When Michelle Ingram saw the weather forecast for, she immediately got to work.
"I started making calls and saying 'Hey, I have room. Let's save some lives,'" Ingram told CBS News.
Ingram is the director of Zeus' Rescues, a no-kill animal shelter in New Orleans. She's seen this before; she lost everything during Hurricane Katrina in 2005, and has evacuated her own business twice. She knew there were other shelters in the path of the storm that would need to evacuate -- fast.
Ingram and her staff moved many of the animals already in her care into foster homes to make room for the. As of Sept. 6th, Zeus' had taken in more than 100 animals in need of a safe space.
"I always like to say we're paying it backwards, and forwards," Ingram explained. "Because we've been there, and we're gonna be there again. We choose to live in. You know what these people are going through, and you know what helped when [Katrina] was hitting."
Natural disasters likeleft behind with no where to go. But what many people don't realize, Ingram says, is that animals already in shelters are also in extreme danger. Even if a shelter survives a dangerous storm, some animals may have to be euthanized to make room for rescues coming in from the community.
"It's not one of the things people like to talk about, but it does happen, unfortunately," Ingram said.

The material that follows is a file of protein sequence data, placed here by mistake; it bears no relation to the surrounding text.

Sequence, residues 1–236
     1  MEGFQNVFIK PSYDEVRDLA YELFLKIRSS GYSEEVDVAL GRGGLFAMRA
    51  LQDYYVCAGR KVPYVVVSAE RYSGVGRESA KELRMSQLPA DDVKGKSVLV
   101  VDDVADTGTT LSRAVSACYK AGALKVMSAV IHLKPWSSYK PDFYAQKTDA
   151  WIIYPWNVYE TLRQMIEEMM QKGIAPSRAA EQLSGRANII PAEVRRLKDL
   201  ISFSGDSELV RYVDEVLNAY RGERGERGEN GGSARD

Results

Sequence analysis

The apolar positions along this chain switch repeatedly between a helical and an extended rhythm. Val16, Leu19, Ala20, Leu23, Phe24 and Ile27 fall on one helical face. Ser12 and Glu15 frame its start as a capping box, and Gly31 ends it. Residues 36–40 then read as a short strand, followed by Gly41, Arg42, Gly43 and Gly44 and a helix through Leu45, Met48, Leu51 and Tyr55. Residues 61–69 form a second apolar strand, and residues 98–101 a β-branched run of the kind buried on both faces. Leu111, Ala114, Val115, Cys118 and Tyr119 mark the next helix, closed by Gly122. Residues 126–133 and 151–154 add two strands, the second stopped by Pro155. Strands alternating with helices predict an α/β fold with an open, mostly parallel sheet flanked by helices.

That's why she took in dozens of at-risk animals from Texas and western Louisiana. Two of the animals, one dog and one cat, were in active labor while being transported to her facility.
She relied on volunteers and the contacts she's made at shelters in other parts of the country in order to save as many pets from Harvey as possible. Most of the animals brought into her care are now in foster homes, others continued on to facilities with more room. Some have already been adopted, and the rest will stay with her until they find a home.
"As long as they're healthy and not a threat to themselves or anyone else, they can stay with me until they find the right home. Sometimes it's a week, sometimes it's a day, sometimes it's years," Ingram said of her animals.
This isn't the first time Ingram has stepped up to help vulnerable animals in times of crisis. In 2016, her shelter took in pets when nearby. And even after losing her home and all of her possessions during Katrina, she helped with recovery.
"Some of the most horrific things I saw were people who had left their dogs tied up to their fence in the backyard, and the dogs eventually drowned because we had so much water. That was a living being that suffered the terror of dying by drowning."
And that's what she tells people when confronted with the idea that dogs, cats, and other animals shouldn't be a priority during disasters such as Harvey, when so many human lives are in need of saving.
"At the end of the day, no matter what, it's a life. They shouldn't be tied up in the yard with rising waters. Luckily, there are people like me all over the country that want to help."